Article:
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AN EPIC POEM.
Folly of Ambition and a Name, B of which was a large heap of yiew of a large champaign dotat ins, under the fhadow of ed, who at his door
The ruins at
HOMER'S ILI A D.
HOMER is univerfally allowed to have had the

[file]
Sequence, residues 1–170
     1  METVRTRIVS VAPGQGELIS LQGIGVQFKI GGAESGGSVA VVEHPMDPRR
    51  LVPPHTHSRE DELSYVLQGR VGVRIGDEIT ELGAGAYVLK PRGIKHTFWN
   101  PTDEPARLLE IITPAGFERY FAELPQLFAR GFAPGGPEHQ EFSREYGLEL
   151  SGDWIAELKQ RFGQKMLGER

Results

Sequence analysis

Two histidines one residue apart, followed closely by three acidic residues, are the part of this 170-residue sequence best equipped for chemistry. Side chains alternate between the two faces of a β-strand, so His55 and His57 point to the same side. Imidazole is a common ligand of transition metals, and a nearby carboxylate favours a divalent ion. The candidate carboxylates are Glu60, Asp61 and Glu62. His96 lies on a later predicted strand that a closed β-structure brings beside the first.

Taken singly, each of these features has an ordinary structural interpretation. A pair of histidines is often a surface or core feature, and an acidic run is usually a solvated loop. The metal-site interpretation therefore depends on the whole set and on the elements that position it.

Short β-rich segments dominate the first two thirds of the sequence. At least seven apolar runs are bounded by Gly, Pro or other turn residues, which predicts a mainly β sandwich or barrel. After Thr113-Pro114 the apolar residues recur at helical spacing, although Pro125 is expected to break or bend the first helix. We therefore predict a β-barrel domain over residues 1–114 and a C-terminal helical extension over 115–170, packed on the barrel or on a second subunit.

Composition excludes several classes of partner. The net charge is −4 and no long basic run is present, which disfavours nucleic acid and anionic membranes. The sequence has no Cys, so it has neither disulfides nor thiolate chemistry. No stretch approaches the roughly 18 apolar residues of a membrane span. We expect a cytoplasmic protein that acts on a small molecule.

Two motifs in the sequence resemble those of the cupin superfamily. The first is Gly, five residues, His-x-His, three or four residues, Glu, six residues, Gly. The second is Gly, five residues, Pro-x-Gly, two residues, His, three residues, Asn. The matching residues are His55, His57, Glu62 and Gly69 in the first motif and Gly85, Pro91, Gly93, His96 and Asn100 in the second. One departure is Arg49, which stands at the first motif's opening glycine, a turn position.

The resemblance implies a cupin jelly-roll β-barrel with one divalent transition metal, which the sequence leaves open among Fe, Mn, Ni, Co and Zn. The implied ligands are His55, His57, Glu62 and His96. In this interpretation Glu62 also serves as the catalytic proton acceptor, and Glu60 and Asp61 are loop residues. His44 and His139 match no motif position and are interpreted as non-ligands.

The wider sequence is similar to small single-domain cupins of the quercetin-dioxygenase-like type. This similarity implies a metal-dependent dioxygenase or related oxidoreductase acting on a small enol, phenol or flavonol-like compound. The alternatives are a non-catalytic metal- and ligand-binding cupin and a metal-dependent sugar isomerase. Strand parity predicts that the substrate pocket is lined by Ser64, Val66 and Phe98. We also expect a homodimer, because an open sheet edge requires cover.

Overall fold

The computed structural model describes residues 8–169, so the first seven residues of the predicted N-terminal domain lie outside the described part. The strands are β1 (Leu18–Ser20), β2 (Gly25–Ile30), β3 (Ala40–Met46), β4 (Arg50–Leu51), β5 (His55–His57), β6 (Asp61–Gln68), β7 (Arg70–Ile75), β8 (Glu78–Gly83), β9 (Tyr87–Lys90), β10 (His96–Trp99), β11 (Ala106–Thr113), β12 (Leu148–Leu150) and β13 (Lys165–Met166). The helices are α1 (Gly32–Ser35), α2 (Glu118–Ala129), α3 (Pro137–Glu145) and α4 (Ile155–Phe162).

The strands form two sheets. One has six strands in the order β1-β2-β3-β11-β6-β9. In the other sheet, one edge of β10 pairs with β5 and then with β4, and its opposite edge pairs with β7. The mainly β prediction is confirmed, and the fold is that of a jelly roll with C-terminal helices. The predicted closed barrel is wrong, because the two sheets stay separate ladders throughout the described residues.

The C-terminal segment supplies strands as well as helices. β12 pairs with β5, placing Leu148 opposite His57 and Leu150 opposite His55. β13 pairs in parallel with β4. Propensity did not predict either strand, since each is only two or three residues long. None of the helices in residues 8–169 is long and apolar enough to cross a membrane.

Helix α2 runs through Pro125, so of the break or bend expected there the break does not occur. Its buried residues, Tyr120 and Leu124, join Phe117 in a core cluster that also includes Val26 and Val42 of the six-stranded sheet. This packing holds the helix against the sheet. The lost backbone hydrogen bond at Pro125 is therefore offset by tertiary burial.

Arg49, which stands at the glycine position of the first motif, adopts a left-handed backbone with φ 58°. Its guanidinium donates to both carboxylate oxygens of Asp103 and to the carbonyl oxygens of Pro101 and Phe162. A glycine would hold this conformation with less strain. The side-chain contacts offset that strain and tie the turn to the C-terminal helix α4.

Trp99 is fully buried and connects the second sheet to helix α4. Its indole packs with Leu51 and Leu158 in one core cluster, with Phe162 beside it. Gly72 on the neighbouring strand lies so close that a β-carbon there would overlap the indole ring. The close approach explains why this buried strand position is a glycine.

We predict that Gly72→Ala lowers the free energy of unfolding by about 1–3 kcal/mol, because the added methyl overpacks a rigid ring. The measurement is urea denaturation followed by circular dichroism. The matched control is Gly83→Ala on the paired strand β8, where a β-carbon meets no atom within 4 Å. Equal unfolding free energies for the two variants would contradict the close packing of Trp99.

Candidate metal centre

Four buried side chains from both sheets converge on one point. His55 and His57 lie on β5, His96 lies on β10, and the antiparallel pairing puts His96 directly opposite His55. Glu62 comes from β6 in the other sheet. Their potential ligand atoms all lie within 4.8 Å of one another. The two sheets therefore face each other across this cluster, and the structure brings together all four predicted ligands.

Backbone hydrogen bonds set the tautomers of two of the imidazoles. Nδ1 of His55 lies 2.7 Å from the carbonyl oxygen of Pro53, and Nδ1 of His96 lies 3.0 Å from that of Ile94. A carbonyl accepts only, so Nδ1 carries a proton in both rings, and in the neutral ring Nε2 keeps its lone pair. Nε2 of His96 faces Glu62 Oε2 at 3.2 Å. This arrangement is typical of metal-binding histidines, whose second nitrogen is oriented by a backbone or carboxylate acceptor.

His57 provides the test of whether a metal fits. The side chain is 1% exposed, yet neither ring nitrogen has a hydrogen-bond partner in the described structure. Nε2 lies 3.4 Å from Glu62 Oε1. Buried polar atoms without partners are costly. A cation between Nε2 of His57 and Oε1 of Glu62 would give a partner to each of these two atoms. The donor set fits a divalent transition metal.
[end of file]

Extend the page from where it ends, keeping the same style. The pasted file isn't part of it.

greatest Invention of any writer whatever. The praife of Judgment Virgil has justly contested with him, and others may have their pretenfions as to particular excellencies; but his Invention remains yet unrivalled. Nor is it a wonder if he has ever been acknowledged the greatest of poets, who most excelled in that which is the very foundation of poetry. It is the Invention that, in different degrees, diftinguifhes all great Genius's: the utmost stretch of human study, learning, and industry, which master every thing befides, can never attain to this. It furnishes Art with all her materials, and without it, Judgment itself can at best but steal wifely: for Art is only like a prudent steward that lives on managing the riches of Nature. Whatever praises may be given to works of Judgment, there is not even a fingle